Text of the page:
Wednesday 13 December 2017

Holly White road tests... Maxi dresses

HOLLY WEARS: Butterfly-print, silk maxi, €250, by Ted Baker at House of Fraser, Dundrum Town Centre
HOLLY WEARS: Butterfly-print, silk maxi, €250, by Ted Baker at House of Fraser, Dundrum Town Centre

Holly White

Nestled on the couch with a takeaway in front of us, myself and the Greek god were having a cosy Saturday night in. Flicking through the channels, trying to find something that would satisfy both our telly palettes, I settled on a U2 documentary.

Half an hour later, I was off in one of my little worlds. I texted my brother -- a U2 obsessive, if ever there was -- and within an hour I was at his flat, going through his collection of the band's CDs.

In the coming days, I listened to them all. But on Zooropa, the song Babyface stuck out. The line "dressed up like a lovely day" seemed like the sweetest compliment anyone could pay to an outfit, especially coming from a man.

You see, new love has come into my life in an amazing way, and it's floating through my veins. I'm less leathery and angry, and it seems safe to be a bit lighter, giggly and tactile.

I've turned into one of those girls who walks down the street wrapped up in her man's arms, and we constantly stare at each other or hold hands, even while he's driving. In short, I am annoying, but feeling romantic -- and it's quite fashionable at the moment.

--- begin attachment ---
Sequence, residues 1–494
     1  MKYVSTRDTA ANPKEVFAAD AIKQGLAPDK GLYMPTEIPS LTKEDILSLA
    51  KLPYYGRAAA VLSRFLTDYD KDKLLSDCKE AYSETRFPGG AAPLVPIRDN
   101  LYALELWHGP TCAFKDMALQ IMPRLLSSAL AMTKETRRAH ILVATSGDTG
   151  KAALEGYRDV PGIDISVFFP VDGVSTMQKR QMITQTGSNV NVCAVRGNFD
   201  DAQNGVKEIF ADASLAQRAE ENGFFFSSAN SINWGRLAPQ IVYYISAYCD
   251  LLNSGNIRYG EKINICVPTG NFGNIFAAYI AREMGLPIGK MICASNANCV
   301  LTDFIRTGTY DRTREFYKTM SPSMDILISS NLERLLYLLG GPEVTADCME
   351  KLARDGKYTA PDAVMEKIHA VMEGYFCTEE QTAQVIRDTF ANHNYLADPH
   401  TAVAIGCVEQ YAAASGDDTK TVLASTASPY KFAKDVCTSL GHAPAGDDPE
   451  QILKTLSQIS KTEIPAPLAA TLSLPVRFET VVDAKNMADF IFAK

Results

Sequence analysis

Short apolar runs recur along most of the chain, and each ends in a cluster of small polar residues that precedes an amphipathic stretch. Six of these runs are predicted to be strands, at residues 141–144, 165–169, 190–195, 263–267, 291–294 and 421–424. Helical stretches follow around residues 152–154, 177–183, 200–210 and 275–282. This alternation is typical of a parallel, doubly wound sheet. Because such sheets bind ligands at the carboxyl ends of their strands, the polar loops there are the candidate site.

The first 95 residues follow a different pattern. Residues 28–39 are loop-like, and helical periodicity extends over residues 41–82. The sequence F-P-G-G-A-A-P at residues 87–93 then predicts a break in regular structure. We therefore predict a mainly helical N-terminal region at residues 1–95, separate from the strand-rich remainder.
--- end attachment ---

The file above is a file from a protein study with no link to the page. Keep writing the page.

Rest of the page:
This summer, fashion wants us to wear maxi dresses. The maxi dress is one of the most glamorous and deeply feminine items of clothing that can be worn during the day.

This style of dress has been all over the catwalks and, more importantly to the average Joe, they are now all over high-street shops, as well as on well-dressed celebs.

Naturally, I had to follow suit and opt for the trend, if only for research purposes.

The dresses range in price from next to nothing up into the thousands for a Roberto Cavalli number. Being on the tall side, I quickly learned that the cheaper ones scrimp on length, so we giants will have to up the ante in the cash stakes, unfortunately.

Decking myself out in the Ted Baker number, I hit the Taste of Dublin festival in the Iveagh Gardens with some friends.

The first thing I noticed was how cumbersome the maxi is. You have to become the slightly dizzy girl who is constantly tripping over herself.

Plus, it feels incredibly strange to be somewhat nude underneath the layers of voluminous fabric -- like a naughty secret -- which I didn't entirely like.

The sun was refusing to shine and, having tripped around on my dress, I resorted to holding a chunk of it in my left hand and an ice cream in my right.

But then my phone started ringing and, in a frazzled, frustrated attempt to struggle and juggle, my ice cream fell to the ground.

I became so irritated by the situation that I slipped away quietly. Back in my flat, I pulled the dress off and flung it on to my bed.

Soon, I was nestled in front of the TV in my fail-safe jeans and a black vest.

So while I love the look of this trend, it just ain't for me.

Holly's tips

Think high street. The dress only looks its best when it is touching the ground, which means it’s going to get a little trampled, so do not invest too heavily.

The dress only achieves the right casual/glam attitude if worn with flat shoes, so stick with flip-flops. Adding heels will make you look like you got lost on your way to a ball in the middle of the day.

In keeping things feminine and boho, embrace jewellery. I love bangles up one arm, or a few, great Daisy stackable rings piled on.

A thick belt under the bustline on a dress can avoid that slightly frumpy, maternity-wear feeling. Go for a bright, contrasting colour or faithful black.

Irish Independent

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